But back to my story. To keep the Newsbreak website going, we embarked on an experiment. We decided to partner with a huge news organization, ABS-CBN, to run its Website,  

I became editor-in-chief of This was life-changing. 

I went through a culture shock as I was unprepared for the speed of work, the pace at which we had to feed the hungry beast that is cyberspace. The job was 24/7. Wherever I was, I was connected, always checking the Website for news we missed or got first as well as grammatical errors.

I could hardly leave the newsroom to meet up with sources or attend newsworthy events. I was glued to my desk and computer. If not, I was in endless meetings with management and marketing. 

For a whole year, I felt like a zombie.  

During my first weeks, I questioned the stories that simply quoted an official who was interviewed by DZMM or ANC. Why were we uploading these? Wasn’t this what others, including myself, derided as “he-said, she-said” journalism? I found myself eating my words. 

To be able to live with this type of stories, the editors and I agreed to provide background and context so that the single interview would make sense. Sure, let’s break the news, be the first to do it, but we should update it to include enough substance.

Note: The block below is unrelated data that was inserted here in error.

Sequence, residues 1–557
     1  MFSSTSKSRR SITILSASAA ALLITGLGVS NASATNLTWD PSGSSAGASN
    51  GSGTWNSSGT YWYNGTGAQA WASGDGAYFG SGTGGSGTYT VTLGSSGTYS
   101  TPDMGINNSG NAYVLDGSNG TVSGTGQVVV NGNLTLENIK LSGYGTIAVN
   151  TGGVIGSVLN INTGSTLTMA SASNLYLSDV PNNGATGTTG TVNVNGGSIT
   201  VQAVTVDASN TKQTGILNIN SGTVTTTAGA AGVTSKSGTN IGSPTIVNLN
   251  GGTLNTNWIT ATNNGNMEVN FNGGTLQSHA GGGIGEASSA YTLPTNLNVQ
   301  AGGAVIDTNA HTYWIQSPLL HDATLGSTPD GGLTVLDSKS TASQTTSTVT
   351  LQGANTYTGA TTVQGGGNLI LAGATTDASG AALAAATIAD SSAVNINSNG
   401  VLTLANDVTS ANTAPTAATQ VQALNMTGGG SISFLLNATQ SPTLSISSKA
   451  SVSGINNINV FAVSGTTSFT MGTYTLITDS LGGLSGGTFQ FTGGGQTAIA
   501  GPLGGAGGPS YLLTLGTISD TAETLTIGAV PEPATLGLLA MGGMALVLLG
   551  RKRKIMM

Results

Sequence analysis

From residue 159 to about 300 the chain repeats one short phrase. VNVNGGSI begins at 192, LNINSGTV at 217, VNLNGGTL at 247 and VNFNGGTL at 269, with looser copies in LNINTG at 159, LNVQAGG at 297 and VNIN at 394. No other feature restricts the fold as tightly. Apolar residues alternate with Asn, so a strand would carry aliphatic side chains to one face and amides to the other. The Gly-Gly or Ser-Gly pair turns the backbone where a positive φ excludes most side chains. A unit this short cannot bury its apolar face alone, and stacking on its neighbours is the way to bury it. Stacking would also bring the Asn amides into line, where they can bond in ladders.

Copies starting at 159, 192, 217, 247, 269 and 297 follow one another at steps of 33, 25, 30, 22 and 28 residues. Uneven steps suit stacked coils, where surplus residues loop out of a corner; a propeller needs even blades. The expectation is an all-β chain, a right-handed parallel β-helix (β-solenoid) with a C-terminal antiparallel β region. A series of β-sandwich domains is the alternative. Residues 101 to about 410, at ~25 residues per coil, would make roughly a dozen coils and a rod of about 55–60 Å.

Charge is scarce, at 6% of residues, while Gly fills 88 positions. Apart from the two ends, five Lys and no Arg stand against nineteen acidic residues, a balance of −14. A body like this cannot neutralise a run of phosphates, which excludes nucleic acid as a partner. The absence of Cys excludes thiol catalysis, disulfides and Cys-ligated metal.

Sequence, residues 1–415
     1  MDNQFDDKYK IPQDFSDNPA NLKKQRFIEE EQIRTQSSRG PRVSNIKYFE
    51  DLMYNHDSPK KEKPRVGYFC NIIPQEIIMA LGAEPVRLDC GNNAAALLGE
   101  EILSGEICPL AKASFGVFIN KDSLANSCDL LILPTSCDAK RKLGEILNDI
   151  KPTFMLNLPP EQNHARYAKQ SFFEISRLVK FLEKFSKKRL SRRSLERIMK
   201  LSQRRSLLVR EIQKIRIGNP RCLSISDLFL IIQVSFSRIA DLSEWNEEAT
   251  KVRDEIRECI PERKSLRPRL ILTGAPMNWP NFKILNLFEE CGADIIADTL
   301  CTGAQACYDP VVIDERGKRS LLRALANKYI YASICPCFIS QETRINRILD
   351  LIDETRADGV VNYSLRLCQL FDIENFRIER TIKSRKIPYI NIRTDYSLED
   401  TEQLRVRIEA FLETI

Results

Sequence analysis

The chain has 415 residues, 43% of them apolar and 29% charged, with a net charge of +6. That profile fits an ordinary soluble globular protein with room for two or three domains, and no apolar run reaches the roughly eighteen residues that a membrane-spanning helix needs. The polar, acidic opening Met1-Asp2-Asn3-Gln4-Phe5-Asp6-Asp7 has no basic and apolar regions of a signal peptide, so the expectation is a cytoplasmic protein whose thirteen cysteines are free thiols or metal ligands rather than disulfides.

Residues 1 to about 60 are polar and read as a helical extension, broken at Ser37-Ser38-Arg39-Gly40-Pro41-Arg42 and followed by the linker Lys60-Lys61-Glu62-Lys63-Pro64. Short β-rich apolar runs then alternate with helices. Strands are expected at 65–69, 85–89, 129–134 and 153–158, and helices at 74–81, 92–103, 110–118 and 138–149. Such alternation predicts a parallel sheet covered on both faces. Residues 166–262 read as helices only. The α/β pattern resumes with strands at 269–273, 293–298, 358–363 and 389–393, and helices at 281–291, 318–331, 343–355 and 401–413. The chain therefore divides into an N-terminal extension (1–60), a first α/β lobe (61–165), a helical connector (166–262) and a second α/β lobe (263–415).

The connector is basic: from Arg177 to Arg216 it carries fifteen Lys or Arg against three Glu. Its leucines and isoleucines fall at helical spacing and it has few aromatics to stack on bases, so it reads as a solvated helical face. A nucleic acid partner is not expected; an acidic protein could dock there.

At, I felt that yesterday’s news was forgotten and each day brought another set of news. So I always reminded myself and the editors not to lose the big picture, to see trends, to connect the dots. 

Another shock was: I was not a techie. It took me time to absorb new technology and understand, among others, what we needed to do so that our news would be the first to pop up in Google when people search for certain subjects. New terms flooded my mind and all these were abstract to me. Thankfully, we had an editor who was excellent in blending technology and content.

There was also the fixation with metrics. Readership on the Web is highly event-driven. The number of views and hits usually go up during disasters, elections, scandals. While the metrics guided editors, we were careful not to be solely influenced by this in our choice of news. So while many read our entertainment stories, we continued to give attention to the lesser read stuff like politics and science.

As a former New York Times editor once said, the news organization is not American Idol.   


Some say that the Internet encourages “churnalism”—because the news websites are under pressure to churn out news, like an assembly line of sausages. They miss out on the news gathering.  

Online multimedia reporters tweet, interview news sources on camera, write breaking news, and update it with video. Often, there is no time to really gather the news, to talk to people and reflect on the story.

Newspaper reporters and editors have the luxury of time—compared to the Web—and do thoughtful journalism. 

Let me end with this challenge to my colleagues in the print medium. Newspapers have a tougher job to do. They need to go a step further, beyond breaking news to news analysis and in-depth stories. The Internet already tells us the news by the minute, by the hour. 

The newspapers will do a great service to the public by making sense of all these events. –

(These are excerpts from the author’s remarks during the panel discussion on newspapers in the digital age at the Philippine Press Institute’s annual forum on June 14.)